The flight lead during the raid that led to the death of Osama Bin Laden, who was piloting one of the MH-47G Chinooks employed in that operation, says that a Pakistani F-16 Viper fighter jet "engaged" his helicopter three separate times as he flew toward Afghanistan during the exfiltration phase of the mission. The now-retired U.S. Army officer also says he was involved personally in two attempts during the Obama Administration to capture Iranian General Qasem Soleimani in Iraq. The Trump Administration decided to kill Soleimani, who had been head of Iran's Quds Force, in a drone strike in Baghdad in January.
Retired U.S. Army Chief Warrant Officer 5 Douglas Englen offered these and other previously unreported details about operations from throughout his career with the elite 160th Special Operations Aviation Regiment, also known as the Night Stalkers, in an exclusive interview with journalist and documentarian Alex Quade for Military Times, which is worth reading in its entirety. He only decided to share his personal memories after prompting from former Director of the Central Intelligence Agency Leon Panetta and retired U.S. Navy Admiral William McRaven, both of whom were heavily involved in the planning execution of the raid on Bin Laden's compound in Abbottabad, Pakistan in 2011, according to Quade.
"I’m telling it to you," Englen told Military Times. "There’s never been an accurate air piece conveyed on what happened that night."
Many of the basics of the operation are well established at this point. Famously, two heavily modified stealthy Black Hawk helicopters were first to arrive at the compound and inserted the main raiding force. One of these helicopters subsequently crashed after experiencing a condition known as vortex ring state. Englen says the ambient temperature was hotter than expected, which can also impact a helicopter's available lift, and the stealth Black Hawk had more fuel and personnel on board than initially planned, all contributing to the accident.
It has also been widely reported that the use of the helicopters was controversial among the personnel involved in planning the operation and that McRaven, then head of Joint Special Operations Command (JSOC), had been particularly keen to employ them. There are indications that the stealth Black Hawks had been key to securing the final approval from President Barak Obama to launch the risky raid inside the territory of an ostensibly friendly nation.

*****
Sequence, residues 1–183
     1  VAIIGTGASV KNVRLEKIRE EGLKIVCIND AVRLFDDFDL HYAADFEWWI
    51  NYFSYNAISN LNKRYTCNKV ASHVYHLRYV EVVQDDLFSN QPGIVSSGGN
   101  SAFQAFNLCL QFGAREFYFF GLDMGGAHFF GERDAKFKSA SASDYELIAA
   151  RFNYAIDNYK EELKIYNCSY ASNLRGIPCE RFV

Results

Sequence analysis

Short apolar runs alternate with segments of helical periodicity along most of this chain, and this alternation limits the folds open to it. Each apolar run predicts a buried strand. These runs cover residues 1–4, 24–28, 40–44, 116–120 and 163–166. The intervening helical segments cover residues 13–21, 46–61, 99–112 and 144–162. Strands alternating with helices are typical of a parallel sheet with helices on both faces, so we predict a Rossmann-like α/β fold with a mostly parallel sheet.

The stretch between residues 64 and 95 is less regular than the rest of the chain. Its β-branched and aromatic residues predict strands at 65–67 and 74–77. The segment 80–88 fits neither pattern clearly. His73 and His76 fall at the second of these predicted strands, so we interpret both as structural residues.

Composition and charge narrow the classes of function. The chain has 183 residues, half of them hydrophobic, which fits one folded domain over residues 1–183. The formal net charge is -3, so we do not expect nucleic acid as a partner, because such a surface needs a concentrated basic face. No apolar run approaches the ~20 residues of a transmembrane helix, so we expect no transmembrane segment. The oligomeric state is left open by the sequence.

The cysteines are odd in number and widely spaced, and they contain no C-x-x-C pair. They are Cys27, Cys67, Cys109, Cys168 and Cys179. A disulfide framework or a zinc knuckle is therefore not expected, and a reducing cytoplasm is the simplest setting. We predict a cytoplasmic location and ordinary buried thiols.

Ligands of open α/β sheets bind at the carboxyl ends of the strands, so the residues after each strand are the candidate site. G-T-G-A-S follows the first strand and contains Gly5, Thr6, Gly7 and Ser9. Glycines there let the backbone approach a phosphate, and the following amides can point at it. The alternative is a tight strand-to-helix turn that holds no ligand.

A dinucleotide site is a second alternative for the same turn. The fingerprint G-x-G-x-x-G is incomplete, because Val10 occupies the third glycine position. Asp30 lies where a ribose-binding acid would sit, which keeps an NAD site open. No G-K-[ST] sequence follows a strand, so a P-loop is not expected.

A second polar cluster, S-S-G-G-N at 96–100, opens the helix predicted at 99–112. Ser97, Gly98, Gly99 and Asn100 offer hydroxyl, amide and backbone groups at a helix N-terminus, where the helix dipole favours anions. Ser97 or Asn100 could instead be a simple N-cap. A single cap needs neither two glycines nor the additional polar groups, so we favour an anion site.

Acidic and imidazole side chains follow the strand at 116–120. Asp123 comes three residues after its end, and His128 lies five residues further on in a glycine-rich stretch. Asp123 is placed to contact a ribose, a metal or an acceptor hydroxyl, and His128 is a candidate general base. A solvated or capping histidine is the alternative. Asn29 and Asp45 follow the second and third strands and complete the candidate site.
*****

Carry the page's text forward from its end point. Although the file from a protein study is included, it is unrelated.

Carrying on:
It's not clear where Englen fell on that debate. He makes clear in his interview that he was among those who advocated for letting the stealthy helicopters penetrate into Pakistan first, rather than sending in the two MH-47G Chinooks, including the one that he would be flying, first to establish a temporary Forward Arming Refueling Point (FARP) and be in position in case something went wrong.
So, when the Black Hawk crashed at the Abbottabad compound, Englen and the rest of the backup force in the Chinooks were still in the process of setting up the FARP at a site 30 miles to the north. He immediately got a quick reaction force into his MH-47G and set off to assist the main raiding party, while the other Chinook stayed behind to ensure that fuel would be waiting for the remaining force before it returned to Afghanistan.
“We just went into contingency mode,” Englen explained. "Didn’t know the severity – if it was crashed with casualties? If it crashed in civilian area? All we do is minimize our time and get there as quick as possible."
Englen says that infiltrating into Pakistan in the first place had been relatively easy and, while he said that it was clear from lights coming on in buildings down below that they were waking average citizens up, there did not appear to be any major response from the country's authorities. "Once we crashed the aircraft [the stealth helicopter], within the first 30 seconds of the mission, then that’s when we really woke up that entire valley," he said.
Special operators attempted to destroy the helicopter with explosives, which only drew further attention. Englen says that he was arriving right when the controlled demolition occurred and almost got caught in the blast.
“I was probably 100 feet from the aircraft when it blew up. It pushed our aircraft to the side," he said. "I had to actually fly away, make a tight circle and come back in, and land under the mushroom cloud. I landed to the east of the compound, right next to it. I mean like, right next to it."
As is well known, portions of the helicopter remained intact enough for recovery. Pictures emerged soon after the raid showing the tail section of the top-secret helicopter in particular detail.
After loading up Bin Laden's body and other items of potential intelligence value from the compound, the raiding force began to make its way back to Afghanistan. Englen does not say exactly when during the exfiltration it occurred or where, but he says that one of Pakistan's American-made F-16 Viper fighter jets was clearly hunting for the remaining helicopters and attempted to "engage" his MH-47G at least three times.
“It was as an electronic fight. A missile never left the rail. So I was able to evade him electronically. That’s all I’ll say," he said. "But, he was searching and hunting for me, and three times came very close to actually launching a missile."